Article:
Allergy season ready to spring, experts say

Spring has sprung, heralding higher temperatures — and, before long, the release of tree pollens that trigger allergy symptoms.

How severe will this allergy season be?

“That’s hard to predict,” said Dr. F. Ida Hsu, an allergist, immunologist and assistant professor of clinical medicine at the Yale School of Medicine in New Haven. “Every year, somebody thinks it’s going to be the worst year ever.”

Pollen counts, the level of ground moisture and temperatures help determine the severity of an allergy season. The earlier spring arrives in earnest, the earlier an allergy season begins.

“Last year, we had a late thaw, but once it warmed up, it was intense,” Hsu said. “The end of April was miserable, early May was miserable.”

A warmer spring this year than last suggests the sneezing will start early next month.

Dr. Mahesh Netravali of Shoreline Allergy & Asthma Associates, which has offices in East Lyme and Mystic, agreed that allergy season is all but upon us.

“We’re not even out of March yet and I’m seeing some budding,” he said. “Whatever the reason, we’re having milder winters and warmer weather than we did 20 or 30 years ago. ... That increases the amount of pollen.”

While trees are the culprits in the early spring, grass pollens take over in late spring to early summer before giving way to pollen from weeds in the fall. Regardless of the pollens’ source, the symptoms they induce are the same: nasal congestion, sneezing, coughing and red, itchy eyes that are sometimes accompanied by watering and puffiness. While allergy symptoms can be confused with those of the common cold, dry eyes (redness) or a sinus infection, sufferers usually can tell the difference, Hsu said.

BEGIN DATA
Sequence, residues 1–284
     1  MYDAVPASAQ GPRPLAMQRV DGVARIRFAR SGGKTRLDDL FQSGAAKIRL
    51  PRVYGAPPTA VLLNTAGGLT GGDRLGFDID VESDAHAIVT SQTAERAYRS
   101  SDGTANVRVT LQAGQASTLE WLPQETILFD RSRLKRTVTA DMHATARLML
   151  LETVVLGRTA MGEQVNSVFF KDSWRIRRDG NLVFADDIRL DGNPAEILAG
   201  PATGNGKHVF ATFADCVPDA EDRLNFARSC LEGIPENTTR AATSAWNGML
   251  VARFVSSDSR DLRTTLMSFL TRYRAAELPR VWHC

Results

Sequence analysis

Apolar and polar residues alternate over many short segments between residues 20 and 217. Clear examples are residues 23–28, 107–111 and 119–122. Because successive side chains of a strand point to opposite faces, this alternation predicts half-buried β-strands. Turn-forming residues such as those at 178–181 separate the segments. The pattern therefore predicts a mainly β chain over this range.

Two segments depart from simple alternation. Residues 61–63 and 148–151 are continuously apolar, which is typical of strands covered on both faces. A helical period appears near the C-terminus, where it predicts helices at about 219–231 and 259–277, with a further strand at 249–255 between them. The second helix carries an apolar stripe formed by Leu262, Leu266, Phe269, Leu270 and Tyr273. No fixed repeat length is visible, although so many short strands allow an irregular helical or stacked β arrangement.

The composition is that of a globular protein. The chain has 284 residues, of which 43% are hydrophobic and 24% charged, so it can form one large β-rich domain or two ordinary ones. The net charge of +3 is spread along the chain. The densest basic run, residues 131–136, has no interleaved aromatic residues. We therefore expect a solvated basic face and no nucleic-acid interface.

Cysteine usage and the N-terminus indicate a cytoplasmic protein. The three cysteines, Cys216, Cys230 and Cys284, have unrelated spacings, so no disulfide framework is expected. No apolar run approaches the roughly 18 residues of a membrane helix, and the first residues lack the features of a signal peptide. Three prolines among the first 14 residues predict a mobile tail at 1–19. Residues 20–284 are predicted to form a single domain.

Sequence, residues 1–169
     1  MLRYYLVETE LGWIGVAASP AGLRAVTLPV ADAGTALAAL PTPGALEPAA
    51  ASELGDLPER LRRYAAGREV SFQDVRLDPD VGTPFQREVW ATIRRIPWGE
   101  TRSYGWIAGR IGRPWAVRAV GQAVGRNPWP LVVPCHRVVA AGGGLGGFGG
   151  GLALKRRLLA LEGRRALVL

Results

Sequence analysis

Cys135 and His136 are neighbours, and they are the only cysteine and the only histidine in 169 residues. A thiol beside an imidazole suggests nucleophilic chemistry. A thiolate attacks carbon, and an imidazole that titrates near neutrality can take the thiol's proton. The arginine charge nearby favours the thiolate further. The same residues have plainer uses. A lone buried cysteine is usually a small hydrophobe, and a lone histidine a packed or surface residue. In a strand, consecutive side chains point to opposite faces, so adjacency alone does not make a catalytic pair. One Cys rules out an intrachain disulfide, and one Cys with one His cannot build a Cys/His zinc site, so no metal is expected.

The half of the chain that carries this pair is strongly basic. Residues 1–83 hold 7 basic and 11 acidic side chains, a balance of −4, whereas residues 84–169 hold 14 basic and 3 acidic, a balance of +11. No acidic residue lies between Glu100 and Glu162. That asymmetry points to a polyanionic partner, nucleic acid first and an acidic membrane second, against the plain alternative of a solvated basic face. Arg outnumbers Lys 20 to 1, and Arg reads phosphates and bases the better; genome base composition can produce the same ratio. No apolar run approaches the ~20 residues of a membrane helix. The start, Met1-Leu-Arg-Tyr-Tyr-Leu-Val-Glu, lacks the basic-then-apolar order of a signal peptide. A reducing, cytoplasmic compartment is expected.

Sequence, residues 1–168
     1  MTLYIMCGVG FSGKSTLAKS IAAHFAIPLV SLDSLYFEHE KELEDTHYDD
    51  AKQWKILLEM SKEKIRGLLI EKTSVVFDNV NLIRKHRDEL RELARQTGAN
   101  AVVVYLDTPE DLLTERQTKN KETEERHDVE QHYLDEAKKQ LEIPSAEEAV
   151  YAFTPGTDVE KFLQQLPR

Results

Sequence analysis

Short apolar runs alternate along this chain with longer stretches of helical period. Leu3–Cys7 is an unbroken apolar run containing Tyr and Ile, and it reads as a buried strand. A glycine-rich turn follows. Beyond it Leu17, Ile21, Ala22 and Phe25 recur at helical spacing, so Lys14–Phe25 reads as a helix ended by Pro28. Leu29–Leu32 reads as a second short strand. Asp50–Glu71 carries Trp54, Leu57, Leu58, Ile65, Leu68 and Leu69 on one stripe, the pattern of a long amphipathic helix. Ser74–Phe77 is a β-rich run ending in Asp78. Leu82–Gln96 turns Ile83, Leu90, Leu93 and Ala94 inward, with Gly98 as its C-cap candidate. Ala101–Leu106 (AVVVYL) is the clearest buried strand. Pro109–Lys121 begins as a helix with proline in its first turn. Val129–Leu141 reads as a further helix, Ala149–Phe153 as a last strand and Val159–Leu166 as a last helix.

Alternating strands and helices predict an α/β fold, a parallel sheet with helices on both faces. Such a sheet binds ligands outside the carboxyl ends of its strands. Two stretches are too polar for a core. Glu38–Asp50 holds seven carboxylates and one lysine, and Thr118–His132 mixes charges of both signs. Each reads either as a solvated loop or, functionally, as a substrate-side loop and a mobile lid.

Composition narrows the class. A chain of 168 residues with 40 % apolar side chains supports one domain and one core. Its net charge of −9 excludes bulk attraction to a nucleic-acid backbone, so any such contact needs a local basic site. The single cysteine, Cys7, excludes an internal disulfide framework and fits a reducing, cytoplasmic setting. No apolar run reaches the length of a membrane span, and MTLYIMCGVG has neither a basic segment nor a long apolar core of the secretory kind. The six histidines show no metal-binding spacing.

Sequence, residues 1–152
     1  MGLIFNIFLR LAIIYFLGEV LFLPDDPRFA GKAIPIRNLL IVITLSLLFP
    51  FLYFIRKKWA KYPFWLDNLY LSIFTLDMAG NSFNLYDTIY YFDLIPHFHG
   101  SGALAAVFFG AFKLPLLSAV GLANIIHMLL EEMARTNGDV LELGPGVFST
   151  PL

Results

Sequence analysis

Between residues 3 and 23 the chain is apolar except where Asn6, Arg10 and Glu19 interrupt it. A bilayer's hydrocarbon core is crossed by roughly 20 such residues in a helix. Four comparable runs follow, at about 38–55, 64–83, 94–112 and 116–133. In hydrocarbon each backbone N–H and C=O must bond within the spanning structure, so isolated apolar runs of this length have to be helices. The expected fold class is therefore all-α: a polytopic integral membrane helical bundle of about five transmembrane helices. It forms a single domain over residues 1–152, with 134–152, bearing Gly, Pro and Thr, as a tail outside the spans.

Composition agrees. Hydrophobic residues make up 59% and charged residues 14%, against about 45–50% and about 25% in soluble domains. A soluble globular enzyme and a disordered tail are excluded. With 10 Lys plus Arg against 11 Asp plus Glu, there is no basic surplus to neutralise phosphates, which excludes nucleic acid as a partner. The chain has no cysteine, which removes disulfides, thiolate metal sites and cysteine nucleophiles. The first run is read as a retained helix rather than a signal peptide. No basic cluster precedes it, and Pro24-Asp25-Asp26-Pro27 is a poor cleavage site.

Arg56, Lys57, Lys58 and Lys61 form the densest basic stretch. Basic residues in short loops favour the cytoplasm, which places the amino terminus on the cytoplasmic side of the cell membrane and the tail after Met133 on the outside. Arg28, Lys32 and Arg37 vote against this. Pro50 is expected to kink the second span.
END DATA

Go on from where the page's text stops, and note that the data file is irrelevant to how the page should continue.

"The hallmark of allergies is a lot of itching and sneezing," she said. "Mucus should be clear, not yellow, green or bloody."

The severity of symptoms varies from individual to individual, with some people sensitive to all kinds of pollens throughout the spring, summer and fall, and others affected by only certain ones.

There are more allergy sufferers than ever before, said Netravali, who along with his colleagues treats children as young as 4 years old.

Hsu said sufferers can minimize their exposure by staying indoors during mornings and on dry, windy days when pollen counts are high. After being outdoors in allergy season, it can help to change one’s clothes, shower and wash one’s hair. Dogwalkers should wipe down their dogs.

When indoors, it makes sense to keep the windows closed and an air-conditioner on.

Antihistamines, nasal sprays, decongestants and eye drops — many available over the counter — are generally effective in combatting allergy symptoms. A person who can’t get relief from medications or who wants to brave the outdoors may be a candidate for immunotherapy treatments that reduce the body’s sensitivity to pollen. Such treatments require an allergist to administer injections year-round.

FDA-approved sublingual (under the tongue) tablets are available for treatment of grass and ragweed pollen allergies, Hsu said.


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